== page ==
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Original Research: PULMONARY HYPERTENSION |

Etiology-Specific Endothelin-1 Clearance in Human Precapillary Pulmonary Hypertension*

David Langleben, MD; Jocelyn Dupuis, MD, PhD; Isaac Langleben; Andrew M. Hirsch, MD; Murray Baron, MD; Jean-Luc Senécal, MD; Michele Giovinazzo, BSc
Author and Funding Information

*From the Center for Pulmonary Vascular Disease and Divisions of Cardiology (Dr. Langleben), Pulmonology (Dr. Hirsch), and Rheumatology (Dr. Baron), Sir Mortimer B. Davis Jewish General Hospital and Lady Davis Institute for Medical Research (Mr. Langleben and Ms. Giovinazzo), Department of Medicine, McGill University, Montreal, QB; the Research Center of the Montreal Heart Institute (Dr. Dupuis), Montreal, QB; and Division of Rheumatology (Dr. Senécal), CHUM-Hôpital Notre-Dame, Université de Montréal, Montreal, QB, Canada.

Correspondence to: David Langleben, MD, Room E-258, Jewish General Hospital, 3755 Cote Ste Catherine, Montreal, QC, Canada H3T 1E2; e-mail: david.langleben@mcgill.ca



Chest. 2006;129(3):689-695. doi:10.1378/chest.129.3.689
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Study objectives: Endothelin (ET)-1 is a mediator of vascular remodeling seen in human pulmonary hypertension (PH), and it is normally cleared via endothelial ET-B receptors. Increased levels of ET-1 are found in precapillary PH, partly from increased synthesis. We hypothesized that the endothelial dysfunction and vascular remodeling seen in human precapillary PH would also reduce ET-1 clearance.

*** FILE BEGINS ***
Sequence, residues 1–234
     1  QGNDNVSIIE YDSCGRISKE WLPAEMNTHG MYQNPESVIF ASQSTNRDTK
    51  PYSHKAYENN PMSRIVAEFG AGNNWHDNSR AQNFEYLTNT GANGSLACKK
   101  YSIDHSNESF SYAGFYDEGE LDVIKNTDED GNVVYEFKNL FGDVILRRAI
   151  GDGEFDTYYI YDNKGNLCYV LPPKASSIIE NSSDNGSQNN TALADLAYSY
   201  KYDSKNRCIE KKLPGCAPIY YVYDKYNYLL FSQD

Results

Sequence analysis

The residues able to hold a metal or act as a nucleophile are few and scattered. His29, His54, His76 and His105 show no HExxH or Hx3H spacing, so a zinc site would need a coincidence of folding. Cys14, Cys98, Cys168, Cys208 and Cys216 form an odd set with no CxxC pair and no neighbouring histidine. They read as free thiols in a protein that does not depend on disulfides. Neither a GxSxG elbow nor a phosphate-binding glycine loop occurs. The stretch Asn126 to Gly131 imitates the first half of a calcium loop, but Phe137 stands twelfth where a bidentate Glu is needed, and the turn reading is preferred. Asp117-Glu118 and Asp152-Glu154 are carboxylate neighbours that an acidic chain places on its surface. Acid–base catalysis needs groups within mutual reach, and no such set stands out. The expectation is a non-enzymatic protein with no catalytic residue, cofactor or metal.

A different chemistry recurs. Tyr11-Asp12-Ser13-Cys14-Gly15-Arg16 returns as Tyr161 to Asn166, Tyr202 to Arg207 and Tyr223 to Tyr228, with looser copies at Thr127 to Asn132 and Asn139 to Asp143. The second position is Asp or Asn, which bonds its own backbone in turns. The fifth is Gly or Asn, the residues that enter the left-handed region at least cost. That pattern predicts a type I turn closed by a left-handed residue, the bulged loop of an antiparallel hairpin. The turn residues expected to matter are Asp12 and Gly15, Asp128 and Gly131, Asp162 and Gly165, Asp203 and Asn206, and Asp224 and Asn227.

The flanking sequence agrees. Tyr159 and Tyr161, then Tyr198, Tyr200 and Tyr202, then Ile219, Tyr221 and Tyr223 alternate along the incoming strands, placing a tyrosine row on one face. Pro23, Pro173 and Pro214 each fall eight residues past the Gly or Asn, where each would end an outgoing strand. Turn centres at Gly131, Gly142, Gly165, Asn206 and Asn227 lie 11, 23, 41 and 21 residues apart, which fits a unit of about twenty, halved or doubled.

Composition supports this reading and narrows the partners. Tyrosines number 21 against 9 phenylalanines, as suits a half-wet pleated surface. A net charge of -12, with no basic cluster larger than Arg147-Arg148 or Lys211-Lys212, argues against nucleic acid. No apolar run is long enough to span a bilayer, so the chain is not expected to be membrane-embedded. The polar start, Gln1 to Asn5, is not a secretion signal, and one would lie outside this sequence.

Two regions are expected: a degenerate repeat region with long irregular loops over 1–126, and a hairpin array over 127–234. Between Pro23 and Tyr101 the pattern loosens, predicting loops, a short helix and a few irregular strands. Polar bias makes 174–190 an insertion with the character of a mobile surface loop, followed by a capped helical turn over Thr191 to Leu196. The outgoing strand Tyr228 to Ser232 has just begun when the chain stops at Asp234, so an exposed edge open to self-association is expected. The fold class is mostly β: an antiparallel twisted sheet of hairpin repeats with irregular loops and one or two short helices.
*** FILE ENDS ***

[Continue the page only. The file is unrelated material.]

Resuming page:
Design and setting: Case series from a single institutional PH center.

Patients: Thirty-four patients with pulmonary arterial hypertension (PAH; idiopathic [IPAH], n = 19; connective tissue disease [CTD], n = 15) and 11 patients with chronic thromboembolic PH were studied.

Measurements and results: Using indicator dilution methods, the first-pass extraction of radiolabeled ET-1 through the pulmonary circulation, and permeability surface (PS) area, an index of functional microvascular surface available for ET-1 clearance, were determined. Mean extraction for IPAH and thromboembolic PH groups was normal, but it was reduced in PAH from CTD; 69% of all patients studied had normal extraction. The mean PS product was reduced significantly for all three etiologies as compared to normal, but 58% of IPAH patients and 40% of CTD-related PAH patients had normal PS products.

Conclusions: Receptor-mediated ET-1 extraction and functional vascular surface area for clearance vary between etiologies of PAH. However, contrary to our hypothesis, endothelial ET-B receptor-mediated extraction is preserved in many patients. The scientifically significant finding of our study is that high ET-1 levels seen in patients with PAH must be predominantly due to excess synthesis rather than reduced clearance. The finding that endothelial ET-B receptors are still present and functional in PAH may also be of relevance to the choice of selective vs nonselective ET receptor antagonists.

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